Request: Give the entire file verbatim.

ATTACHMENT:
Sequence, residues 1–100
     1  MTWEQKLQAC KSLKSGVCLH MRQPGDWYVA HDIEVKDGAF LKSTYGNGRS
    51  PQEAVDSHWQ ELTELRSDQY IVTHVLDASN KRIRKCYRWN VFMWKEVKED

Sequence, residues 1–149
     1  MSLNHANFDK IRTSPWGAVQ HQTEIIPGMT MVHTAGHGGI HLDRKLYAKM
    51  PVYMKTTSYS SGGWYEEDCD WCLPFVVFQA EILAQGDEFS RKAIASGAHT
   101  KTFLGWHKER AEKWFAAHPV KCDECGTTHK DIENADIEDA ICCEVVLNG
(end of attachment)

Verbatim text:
Sequence, residues 1–100
     1  MTWEQKLQAC KSLKSGVCLH MRQPGDWYVA HDIEVKDGAF LKSTYGNGRS
    51  PQEAVDSHWQ ELTELRSDQY IVTHVLDASN KRIRKCYRWN VFMWKEVKED

Sequence, residues 1–149
     1  MSLNHANFDK IRTSPWGAVQ HQTEIIPGMT MVHTAGHGGI HLDRKLYAKM
    51  PVYMKTTSYS SGGWYEEDCD WCLPFVVFQA EILAQGDEFS RKAIASGAHT
   101  KTFLGWHKER AEKWFAAHPV KCDECGTTHK DIENADIEDA ICCEVVLNG